“The late ’90s were a really bad time for people trying to be rock stars, you know what I mean? It seemed like everyone was a one-hit wonder on the radio. We had friends who had a hit single on the radio and sold 500,000 records, and then they couldn’t get arrested a year later. I had this feeling at the time that that was not possible anymore, so the idea of becoming the biggest band in the country — it seemed laughable. That any band could become U2, or go from putting out their own record to playing an arena in a couple of years just seemed ludicrous. I felt that having those sort of ambitions was foolish, because there was no way that was going to be possible. If you saw it that way, you were just deluding yourself. I think we just always had this meager ambition.”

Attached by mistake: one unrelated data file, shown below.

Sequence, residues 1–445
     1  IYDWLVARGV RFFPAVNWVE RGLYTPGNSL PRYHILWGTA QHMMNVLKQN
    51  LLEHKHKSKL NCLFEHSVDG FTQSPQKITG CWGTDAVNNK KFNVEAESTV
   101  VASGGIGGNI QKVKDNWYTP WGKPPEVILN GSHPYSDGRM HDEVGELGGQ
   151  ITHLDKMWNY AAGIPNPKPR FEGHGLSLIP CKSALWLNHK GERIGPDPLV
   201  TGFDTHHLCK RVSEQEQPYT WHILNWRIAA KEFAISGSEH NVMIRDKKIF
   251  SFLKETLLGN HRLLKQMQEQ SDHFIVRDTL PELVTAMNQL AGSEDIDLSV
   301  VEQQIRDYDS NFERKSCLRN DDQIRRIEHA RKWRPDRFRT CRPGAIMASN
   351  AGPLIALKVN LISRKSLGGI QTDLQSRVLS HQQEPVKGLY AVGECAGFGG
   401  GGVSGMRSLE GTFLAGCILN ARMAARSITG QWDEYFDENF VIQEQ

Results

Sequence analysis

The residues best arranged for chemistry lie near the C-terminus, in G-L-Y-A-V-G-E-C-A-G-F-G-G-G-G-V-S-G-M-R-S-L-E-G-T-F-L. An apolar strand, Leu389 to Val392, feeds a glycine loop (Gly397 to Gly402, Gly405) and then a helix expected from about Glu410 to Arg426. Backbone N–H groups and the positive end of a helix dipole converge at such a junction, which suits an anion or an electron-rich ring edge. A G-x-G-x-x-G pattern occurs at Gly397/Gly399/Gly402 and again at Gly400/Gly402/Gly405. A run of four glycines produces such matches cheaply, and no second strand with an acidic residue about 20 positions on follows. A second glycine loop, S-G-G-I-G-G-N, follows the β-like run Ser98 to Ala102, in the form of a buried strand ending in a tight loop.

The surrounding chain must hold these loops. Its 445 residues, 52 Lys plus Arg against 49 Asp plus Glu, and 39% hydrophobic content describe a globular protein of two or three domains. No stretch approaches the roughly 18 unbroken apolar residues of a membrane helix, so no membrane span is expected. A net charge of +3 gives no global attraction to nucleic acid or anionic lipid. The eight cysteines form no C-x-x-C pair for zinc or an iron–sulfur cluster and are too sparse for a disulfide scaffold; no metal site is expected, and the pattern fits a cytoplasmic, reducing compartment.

– Ben Giddard of Death Cab for Cutie tells the A.V. Club he never thought his band would leave the Northwest club circuit.